How does the proposed law define "assault weapons"?

As City Attorney Tom Carr has drafted it, "assault weapons" are defined as:

• All semiautomatic rifles that have the capacity to accept a detachable magazine and that have any of the following characteristics: a pistol grip or thumbhole stock; a folding or telescoping stock; or any protruding grip or other device to allow the weapon to be stabilized with the non-trigger hand.

• All semi-automatic center-fire pistols that have any of the following characteristics: the capacity to accept a magazine other than in the pistol grip or any device to allow the weapon to be stabilized with the non-trigger hand.

• Any firearm which has been modified to be operable as an assault weapon as defined by the city, plus any part or combination or parts designed to convert a firearm into an assault weapon

The Boulder City Council is currently scheduled to vote May 1 on — and likely approve — a ban on the local sale and possession of assault weapons, bump stocks and certain magazines.

But Councilman Sam Weaver is advocating for a change in plans. He wants the council to refer the proposed ban to citizens for a vote during the November general election.


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An overflow crowd filled the council's chambers for a public hearing April 5 on the proposed ban. Weaver said he was inspired to push for a public vote on the matter after hearing from some in the crowd who said that'd be a better course of action than a council-approved ordinance.

"I thought that was an interesting concept and as I reflected on it, Boulder has a long history of taking big, important issues to its voters," Weaver said. "It's the most democratic way for us to draw the line about what weapons are acceptable in the community."

He added, "It further seems like it might have more standing in court, if the people in the community vote and it's not just the elected leaders."

Councilman Bob Yates, a retired attorney who consulted Friday with City Attorney Tom Carr, said he doesn't agree with Weaver's assertion that a voter-approved ban would be more likely to be upheld if Boulder gets sued.

"What Tom told me only reaffirmed what I believe to be the case, which is that it won't matter, from the standpoint of the law's enforceability, whether it is passed by a vote of the people or passed by council, so I think that's an irrelevant distinction.

"If well-crafted, the law should be upheld either way, regardless of whether it's approved by the people or approved by council."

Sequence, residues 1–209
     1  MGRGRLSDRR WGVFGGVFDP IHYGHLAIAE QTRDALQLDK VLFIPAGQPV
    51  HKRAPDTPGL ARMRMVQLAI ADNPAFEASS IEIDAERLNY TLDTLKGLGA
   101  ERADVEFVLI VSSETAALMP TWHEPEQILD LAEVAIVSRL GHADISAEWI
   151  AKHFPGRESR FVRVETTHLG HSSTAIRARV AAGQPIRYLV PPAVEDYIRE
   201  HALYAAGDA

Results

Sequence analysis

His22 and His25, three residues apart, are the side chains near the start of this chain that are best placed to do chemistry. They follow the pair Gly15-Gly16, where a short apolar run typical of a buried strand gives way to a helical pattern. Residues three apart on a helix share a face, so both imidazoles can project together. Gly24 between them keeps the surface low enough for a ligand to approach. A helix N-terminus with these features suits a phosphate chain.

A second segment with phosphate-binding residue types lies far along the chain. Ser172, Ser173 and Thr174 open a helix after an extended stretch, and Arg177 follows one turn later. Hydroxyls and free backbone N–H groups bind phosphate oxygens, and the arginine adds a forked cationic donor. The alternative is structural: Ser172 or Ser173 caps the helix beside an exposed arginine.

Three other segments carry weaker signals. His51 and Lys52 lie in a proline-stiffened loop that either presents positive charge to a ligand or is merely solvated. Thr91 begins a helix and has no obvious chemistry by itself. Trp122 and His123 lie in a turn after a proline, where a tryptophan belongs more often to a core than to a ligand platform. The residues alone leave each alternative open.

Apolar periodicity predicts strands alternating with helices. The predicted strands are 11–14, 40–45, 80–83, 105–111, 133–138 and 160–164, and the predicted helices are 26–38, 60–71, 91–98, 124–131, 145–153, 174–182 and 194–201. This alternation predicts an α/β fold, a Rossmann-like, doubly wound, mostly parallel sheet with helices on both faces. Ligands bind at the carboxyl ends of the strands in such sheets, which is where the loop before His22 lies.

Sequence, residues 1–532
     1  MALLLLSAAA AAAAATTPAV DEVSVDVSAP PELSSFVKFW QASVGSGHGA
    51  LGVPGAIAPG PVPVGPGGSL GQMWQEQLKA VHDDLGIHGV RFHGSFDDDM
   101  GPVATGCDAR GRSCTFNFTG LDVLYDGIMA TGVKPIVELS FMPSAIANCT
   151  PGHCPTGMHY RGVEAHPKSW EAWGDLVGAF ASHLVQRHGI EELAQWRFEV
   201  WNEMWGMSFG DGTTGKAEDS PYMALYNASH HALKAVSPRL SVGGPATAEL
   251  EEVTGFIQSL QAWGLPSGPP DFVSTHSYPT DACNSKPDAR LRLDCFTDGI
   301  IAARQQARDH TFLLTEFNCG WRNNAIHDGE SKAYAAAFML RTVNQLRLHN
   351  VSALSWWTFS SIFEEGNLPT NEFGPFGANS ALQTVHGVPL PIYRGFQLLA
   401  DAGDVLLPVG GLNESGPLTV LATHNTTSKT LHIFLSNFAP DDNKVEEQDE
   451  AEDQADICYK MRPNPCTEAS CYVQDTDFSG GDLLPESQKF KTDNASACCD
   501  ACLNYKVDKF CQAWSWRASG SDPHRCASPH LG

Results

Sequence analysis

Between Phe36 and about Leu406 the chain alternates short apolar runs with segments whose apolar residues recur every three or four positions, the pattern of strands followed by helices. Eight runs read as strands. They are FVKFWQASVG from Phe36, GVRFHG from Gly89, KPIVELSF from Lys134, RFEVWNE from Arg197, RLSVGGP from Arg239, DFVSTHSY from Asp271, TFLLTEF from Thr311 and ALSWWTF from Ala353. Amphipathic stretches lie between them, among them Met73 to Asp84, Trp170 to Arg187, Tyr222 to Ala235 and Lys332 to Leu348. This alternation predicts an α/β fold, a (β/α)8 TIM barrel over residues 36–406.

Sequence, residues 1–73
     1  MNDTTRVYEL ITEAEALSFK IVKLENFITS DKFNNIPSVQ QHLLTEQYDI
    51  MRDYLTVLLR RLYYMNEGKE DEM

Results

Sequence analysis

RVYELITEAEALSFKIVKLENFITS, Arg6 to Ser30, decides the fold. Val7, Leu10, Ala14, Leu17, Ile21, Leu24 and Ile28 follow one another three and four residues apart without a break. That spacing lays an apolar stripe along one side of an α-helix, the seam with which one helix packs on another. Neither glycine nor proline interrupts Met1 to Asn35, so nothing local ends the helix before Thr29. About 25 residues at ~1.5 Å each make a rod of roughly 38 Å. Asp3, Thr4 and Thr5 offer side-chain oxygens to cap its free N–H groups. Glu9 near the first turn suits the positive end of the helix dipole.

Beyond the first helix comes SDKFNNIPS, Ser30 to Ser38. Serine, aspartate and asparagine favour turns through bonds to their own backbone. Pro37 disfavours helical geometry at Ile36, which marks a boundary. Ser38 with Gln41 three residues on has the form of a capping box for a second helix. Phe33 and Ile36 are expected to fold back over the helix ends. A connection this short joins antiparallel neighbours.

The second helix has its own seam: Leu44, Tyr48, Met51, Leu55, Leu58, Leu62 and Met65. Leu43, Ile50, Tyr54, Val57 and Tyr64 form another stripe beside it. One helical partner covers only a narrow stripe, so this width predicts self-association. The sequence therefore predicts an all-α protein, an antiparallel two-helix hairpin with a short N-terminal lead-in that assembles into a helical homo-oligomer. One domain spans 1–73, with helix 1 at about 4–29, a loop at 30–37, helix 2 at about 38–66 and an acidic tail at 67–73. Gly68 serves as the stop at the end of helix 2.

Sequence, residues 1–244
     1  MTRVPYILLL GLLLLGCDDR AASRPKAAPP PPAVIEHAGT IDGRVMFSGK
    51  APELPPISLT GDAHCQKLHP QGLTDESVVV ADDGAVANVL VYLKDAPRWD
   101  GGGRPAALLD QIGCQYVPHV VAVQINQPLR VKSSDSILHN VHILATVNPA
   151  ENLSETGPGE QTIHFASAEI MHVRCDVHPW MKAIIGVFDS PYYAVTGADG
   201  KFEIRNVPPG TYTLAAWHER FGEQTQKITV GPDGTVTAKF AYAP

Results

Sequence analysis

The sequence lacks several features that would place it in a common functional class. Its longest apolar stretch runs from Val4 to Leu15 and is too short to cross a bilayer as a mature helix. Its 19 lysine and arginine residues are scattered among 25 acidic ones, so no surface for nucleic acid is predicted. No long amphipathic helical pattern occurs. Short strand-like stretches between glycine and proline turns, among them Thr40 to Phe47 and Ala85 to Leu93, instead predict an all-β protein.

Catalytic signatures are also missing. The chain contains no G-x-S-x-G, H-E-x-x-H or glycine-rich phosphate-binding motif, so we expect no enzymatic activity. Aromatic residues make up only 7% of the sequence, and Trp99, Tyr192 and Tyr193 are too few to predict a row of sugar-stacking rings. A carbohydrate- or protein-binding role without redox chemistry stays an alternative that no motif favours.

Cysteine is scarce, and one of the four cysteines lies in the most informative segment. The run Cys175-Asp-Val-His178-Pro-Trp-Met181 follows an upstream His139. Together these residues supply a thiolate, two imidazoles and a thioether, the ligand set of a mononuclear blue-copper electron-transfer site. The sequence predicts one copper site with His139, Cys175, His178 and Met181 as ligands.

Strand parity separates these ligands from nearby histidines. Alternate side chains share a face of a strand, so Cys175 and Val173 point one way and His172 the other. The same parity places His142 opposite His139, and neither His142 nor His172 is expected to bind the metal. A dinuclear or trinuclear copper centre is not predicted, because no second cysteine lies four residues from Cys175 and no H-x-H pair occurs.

Yates said he intends to vote to pass, "with some revisions," the proposed ban on May 1, and that he won't support Weaver's idea. It would "not be courageous" for the council to send a policy matter like this to the ballot, he argued.

Weaver, like most, if not all, members of the nine-person council, supports the ban, a draft version of which has been authored by Carr at the direction of the council following the shooting in Parkland, Fla.

Weaver said that he's talked to several council colleagues about his idea of sending the measure to the ballot, and that he "didn't hear much resistance," but that he also "doesn't know that it's fully accepted."

His idea will get a full discussion on May 1, when the council reconvenes to deliberate over the ordinance. No more public comment will be taken, though council members heard from more than 100 people during the hearing last week and have received hundreds more emails and phone calls.

Weaver still believes the council should vote to ban bump stocks and similar devices on May 1, but that it should let voters decide on assault weapons and magazines with the capacity to hold 10 or more rounds.

The proposed ban, originally proposed by Councilwoman Jill Adler Grano, has received some national attention, including from out-of-state media outlets and the National Rifle Association's Institute for Legislative Action.

Grano — who said she's undecided on Weaver's proposal — said she's personally received hundreds of emails to her personal account and through the submission form on her professional page, jillgranorealestate.com. She said she took down that form as a result of the deluge.

Some of the emails she's received have been "filled with profanity"and sexist terms.

Asked whether Weaver's proposal might take some of the heat off the council and off her specifically, by making the proposed ban a decision of the citizenry and not just nine elected officials, Grano said, "I think there's something to be said for the citizens voting on this."

But she added that she isn't sure that a ballot measure is the right way to go, and that she'll be happy to defend her position on this matter whether or not it becomes an election issue.

"I have been the face (of the proposal) and I have shouldered a lot of the attacks that have come our way on this," she said.

"I'm comfortable in that position. I'm unwavering in my support for common-sense gun legislation across the country. This is where I live and this is where I can make a difference, so I'm comfortable continuing to shoulder the anger coming from the other side."

Grano said she's heard from many people on her "side" of this, too, and that she's confident a ballot measure would pass "overwhelmingly."

"I don't see a need to equivocate around this issue. This has been well thought-out," she said. "There's precedent for this in eight other states, in Denver, in Vail, in (Chicago suburb) Deerfield, in many other places. This is not an out-in-left-field proposal, and I'll continue to stand firmly behind it."

Alex Burness: 303-473-1389, burnessa@dailycamera.com or twitter.com/alex_burness